Fourth of July marks the annual high point of patriotic branding. It’s the time of year companies across America -- from LaCroix to PUMA -- roll out red-white-and-blue packaging, products and content to capture the nation’s
In the months leading up to summer, we typically sees a marked uptick in patriotic-themed creative projects. However, it’s worth noting that since President
Trump took office in 2016, the overall volume of overtly patriotic branding and design projects has declined around 26%.
Does this shift away from Americana-infused
marketing a signify a real trend or is it just coincidence? We’ll leave it for you to decide.
Either way, it’s important for brands to slow down and ask themselves a
few questions before jumping on this tried-and-true branding bandwagon.
Does patriotic messaging make sense for your audience? What really works, and what will just get lost in
the 4th of July noise? Here are some tips for marketers planning ahead for next year’s July 4 and for throughout the year:
- Don’t blindly jump on
the trend without considering your customer base. For example, studies show that millennial and GenZ consumers are significantly less patriotic than their parents; they are more culturally diverse, educated and
socially progressive than any other generation. Context is everything, so take a moment to consider if your proposed imagery or messaging might be interpreted as polarizing rather than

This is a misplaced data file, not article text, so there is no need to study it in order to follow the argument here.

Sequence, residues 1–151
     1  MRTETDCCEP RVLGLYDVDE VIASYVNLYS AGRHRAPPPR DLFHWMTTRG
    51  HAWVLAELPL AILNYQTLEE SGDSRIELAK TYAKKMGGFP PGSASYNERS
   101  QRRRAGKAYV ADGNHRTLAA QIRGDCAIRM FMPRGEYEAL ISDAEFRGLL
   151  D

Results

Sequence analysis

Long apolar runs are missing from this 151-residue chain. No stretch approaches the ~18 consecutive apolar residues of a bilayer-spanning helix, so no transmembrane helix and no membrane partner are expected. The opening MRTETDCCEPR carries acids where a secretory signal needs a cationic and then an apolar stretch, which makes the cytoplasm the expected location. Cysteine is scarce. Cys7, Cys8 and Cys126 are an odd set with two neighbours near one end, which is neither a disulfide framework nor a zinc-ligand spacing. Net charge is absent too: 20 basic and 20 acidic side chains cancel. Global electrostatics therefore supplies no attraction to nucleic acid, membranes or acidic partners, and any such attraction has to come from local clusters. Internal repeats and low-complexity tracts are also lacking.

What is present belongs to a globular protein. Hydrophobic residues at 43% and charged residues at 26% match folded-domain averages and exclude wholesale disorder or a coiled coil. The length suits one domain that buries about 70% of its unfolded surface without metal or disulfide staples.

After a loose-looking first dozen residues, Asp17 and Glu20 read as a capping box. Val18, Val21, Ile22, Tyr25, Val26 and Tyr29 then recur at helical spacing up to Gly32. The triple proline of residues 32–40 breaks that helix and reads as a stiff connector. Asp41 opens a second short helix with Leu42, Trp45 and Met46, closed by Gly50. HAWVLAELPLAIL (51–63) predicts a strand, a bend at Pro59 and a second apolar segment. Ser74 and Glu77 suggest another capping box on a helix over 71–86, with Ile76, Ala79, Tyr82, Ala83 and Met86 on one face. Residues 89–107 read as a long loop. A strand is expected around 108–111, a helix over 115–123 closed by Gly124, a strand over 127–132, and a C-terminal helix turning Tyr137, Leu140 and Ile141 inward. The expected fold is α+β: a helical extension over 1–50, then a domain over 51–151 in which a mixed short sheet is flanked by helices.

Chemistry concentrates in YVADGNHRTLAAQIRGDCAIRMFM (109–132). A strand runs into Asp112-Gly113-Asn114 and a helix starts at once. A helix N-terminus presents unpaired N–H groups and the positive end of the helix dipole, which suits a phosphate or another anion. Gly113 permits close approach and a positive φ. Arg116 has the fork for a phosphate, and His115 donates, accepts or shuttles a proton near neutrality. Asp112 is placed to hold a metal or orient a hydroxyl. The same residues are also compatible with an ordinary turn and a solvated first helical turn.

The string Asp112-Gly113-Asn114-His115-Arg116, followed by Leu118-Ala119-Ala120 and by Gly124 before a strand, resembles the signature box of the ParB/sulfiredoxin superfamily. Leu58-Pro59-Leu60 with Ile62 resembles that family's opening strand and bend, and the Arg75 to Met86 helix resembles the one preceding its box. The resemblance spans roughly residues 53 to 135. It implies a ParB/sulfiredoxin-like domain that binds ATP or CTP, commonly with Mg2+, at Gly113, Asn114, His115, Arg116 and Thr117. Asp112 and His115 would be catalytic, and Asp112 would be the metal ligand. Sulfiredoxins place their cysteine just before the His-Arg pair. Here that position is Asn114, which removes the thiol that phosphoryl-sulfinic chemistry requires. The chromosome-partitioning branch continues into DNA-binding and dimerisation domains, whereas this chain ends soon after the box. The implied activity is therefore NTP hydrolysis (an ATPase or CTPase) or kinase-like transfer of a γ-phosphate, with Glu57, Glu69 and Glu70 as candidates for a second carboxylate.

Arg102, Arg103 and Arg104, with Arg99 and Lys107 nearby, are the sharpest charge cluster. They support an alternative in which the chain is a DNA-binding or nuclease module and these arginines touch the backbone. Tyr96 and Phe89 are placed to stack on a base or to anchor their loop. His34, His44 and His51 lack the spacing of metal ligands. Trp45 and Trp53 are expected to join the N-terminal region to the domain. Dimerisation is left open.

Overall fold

- Is your brand authentically American, or do you provide a product or service that’s generally considered to be uniquely
American? If not, you risk turning off more skeptical customers. For example, Blue Bell ice cream’s red, white and blue flavors, Coca-Cola and Tootsie Rolls’ flag-themed packaging
makes sense given the “All American” image of these products. But if you’re an international brand with a more universal product, (e.g., an Italian pasta brand, a Europe-based
fashion brand, etc.), it’s probably best to avoid something that could look disingenuous.
- Don’t let your creative be
clichéd: there’s more to America than flags and fireworks. For example, design experts have pointed out that the redesign of Air Force One by Trump intended to make it look
“more American” actually completely obliterates the historically significant American design roots of the current plane. America has a wealth of history and stories that can influence
creative work, so think outside the box to find inspiration for a unique celebration.
- Do incorporate a meaningful, long-term cause that
reflects American values. There have been some wonderful examples of brands taking a more sophisticated and meaningful approach to patriotic branding in recent years. For example, last year
Budweiser went a step beyond its previous “America” beer cans to the launch of a special edition Freedom Reserve Red Lager, inspired by a recipe found in George
Washington’s military journal. The brewer had veterans — whose signatures were featured on the bottles — make the beer, and a portion of the proceeds were then donated to Folds of
Honor, a nonprofit supporting military families. By tying a campaign to a cause that appeals to fundamental social values, the likelihood of creating the desired feel-good reaction increases, and does
some good along the way.